14. Your field lacks jobs. The economy hasn’t totally rebounded and your industry sector has a hiring freeze. Instead of waiting around or taking a job requiring fewer skills than you have, you are considering setting up your own business.

Related: Risk is the Admission Fee of Entrepreneurship

15. You can afford to take risks. If you’re single or without young children, you probably don’t have to worry about supporting others. Take advantage of this time in your life when you have the chance to be a little adventurous.

16. You can't stand the daily commute. If you sit in traffic every day muttering expletive after expletive, maybe you should set up your own business at home. After all, successful businesses have even launched from garages.

17. You possess an incredible work ethic. If you don’t mind putting in 12-hour days multiple times a week (as people do when starting a business), then why not put that to work for something you’re really enthused about?

18. You crave uncertainty. You’re the type of person who thrives when exploring the unknown. So starting a business may be right up your alley. It definitely beats being bored to death by performing that job you're tired of. I am this type of person and very proud of it.

Related: VC 100: The Top Venture Capital Firms Backing U.S. Startups

19. You always see potential. No matter where you are or what you're doing, you always feel the need to make improvements. You now understand that as a business owner, you could realize enormous potential -- making money or enhancing the lives of others. 

20. More projects are going to contractors. If you’re seeing your current employer hiring outside help for a job that you know you can do better, then do something about it and venture out on your own.

21. You want to be part of a team. Maybe you just want to build your own team from the ground up with a group of people who share your vision and who are willing to embark on a journey with you.

Related: The Art of Keeping Your Team Focused on the Same Goal

22. You hate working for others. If you seriously can’t stand taking orders, loathe your boss and all his (or her) demands, start planning your exit strategy of becoming your own boss.

23. You feel it's necessary to hang out a shingle. While starting a business shouldn’t just be about the money, sometimes that’s the case when your back is against the wall. The bills are piling up and you need to put food on the table. That sense of desperation could be enough to lead you to do something great.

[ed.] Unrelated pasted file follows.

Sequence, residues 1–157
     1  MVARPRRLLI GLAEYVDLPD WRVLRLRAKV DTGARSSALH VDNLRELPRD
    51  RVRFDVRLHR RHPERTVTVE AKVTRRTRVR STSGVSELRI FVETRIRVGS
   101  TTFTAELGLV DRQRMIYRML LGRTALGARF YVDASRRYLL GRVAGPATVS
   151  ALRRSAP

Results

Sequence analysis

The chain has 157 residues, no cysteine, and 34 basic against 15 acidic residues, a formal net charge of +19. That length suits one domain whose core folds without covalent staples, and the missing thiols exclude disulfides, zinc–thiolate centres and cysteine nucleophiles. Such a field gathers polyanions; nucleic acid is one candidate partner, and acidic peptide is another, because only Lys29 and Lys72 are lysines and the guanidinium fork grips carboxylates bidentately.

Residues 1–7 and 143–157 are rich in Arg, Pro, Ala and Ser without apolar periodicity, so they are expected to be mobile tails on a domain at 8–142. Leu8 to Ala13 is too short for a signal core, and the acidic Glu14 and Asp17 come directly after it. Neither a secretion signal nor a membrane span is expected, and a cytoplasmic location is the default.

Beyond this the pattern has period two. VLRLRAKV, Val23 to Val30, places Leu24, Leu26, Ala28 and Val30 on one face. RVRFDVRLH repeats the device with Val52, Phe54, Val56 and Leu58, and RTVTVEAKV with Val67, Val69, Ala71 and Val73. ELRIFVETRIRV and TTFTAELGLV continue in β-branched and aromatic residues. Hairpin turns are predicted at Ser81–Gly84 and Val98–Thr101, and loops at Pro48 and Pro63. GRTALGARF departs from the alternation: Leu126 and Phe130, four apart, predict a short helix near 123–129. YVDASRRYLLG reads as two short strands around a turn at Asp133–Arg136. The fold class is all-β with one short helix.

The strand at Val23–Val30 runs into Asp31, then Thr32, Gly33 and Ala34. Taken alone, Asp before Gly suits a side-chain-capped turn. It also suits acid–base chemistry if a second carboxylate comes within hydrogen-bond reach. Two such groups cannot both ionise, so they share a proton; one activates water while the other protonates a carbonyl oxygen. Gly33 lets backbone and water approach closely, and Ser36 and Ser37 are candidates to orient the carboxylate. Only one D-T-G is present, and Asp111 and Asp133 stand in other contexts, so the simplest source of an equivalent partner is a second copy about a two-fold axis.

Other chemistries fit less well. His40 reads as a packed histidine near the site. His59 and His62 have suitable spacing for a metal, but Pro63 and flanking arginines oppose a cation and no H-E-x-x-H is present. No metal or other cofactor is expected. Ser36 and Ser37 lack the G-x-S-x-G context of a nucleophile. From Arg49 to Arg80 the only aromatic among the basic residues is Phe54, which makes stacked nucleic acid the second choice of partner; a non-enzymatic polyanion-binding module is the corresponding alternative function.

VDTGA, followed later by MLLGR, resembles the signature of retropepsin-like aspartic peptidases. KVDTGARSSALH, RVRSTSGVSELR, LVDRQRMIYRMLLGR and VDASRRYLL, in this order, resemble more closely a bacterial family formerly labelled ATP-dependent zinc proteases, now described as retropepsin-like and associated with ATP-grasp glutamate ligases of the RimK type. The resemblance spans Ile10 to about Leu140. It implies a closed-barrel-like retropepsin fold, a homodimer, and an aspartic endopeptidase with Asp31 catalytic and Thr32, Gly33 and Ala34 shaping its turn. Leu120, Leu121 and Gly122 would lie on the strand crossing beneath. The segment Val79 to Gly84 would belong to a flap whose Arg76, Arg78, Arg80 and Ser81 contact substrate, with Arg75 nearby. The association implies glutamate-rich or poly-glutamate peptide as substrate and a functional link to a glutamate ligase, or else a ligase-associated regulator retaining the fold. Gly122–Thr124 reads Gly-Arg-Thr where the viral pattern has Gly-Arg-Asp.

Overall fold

24. You want to create jobs. In this tough economy, you see here really aren't enough jobs for the colleagues you studied or worked with previously. If you trust these people and know their talents, you may wish to help them out by creating a company that employs them.

25. You harbor a strong desire to develop a product or service not yet available. You’re a problem solver. You have experienced that "aha" moment, the realization that a certain product or service isn't on the market. You could use that moment of recognition to inspire you to make that idea a reality.

Related:  Eureka -- a New Product Idea! Now Ask These 5 Questions.

26. You can’t stand being in the office. If you feel restricted at your current workplace, you could set yourself free and work where you want to work: at your own company.

27. You want to set your own schedule. Maybe you're most productive from 4 a.m. to 9 a.m. or you're a night owl. Instead of being told which hours to work and when to take breaks or a vacation, you could finally determine your schedule.

28. You're creative. If you’re tired of having your creative ideas go to waste, then maybe it’s time to get out there and express yourself by setting up the business you've always imagined.

Related: 10 Tips for Unleashing Your Creativity at Work

29. You need to inspire. Are you the person whom people turn to when they need advice or a little pick-me-up? And you actually like that role? Owning a business gives you the chance to inspire the people who surround you.

30. You want to build a legacy for your children. You have kids and are thinking of leaving them something that they’ll be proud of. Even if they don't want to take over a family business, they could witness how your hard work and dedication paid off.

31. You don’t mind getting your hands dirty. You'll have to do plenty of grunt work as a new business owner. And that’s not always enjoyable. But if that doesn’t bother you, then why not do these tasks for yourself not someone else?

Related: If Given the Choice, Most Small-Business Owners Say They'd Start Up Again

32. You're seeking a new challenge. Maybe you’ve hit a wall at your current position and become extremely bored. That’s not always the best situation to be in if you're someone looking for a new challenge. Starting your own business is challenging, however, and should fulfill that need.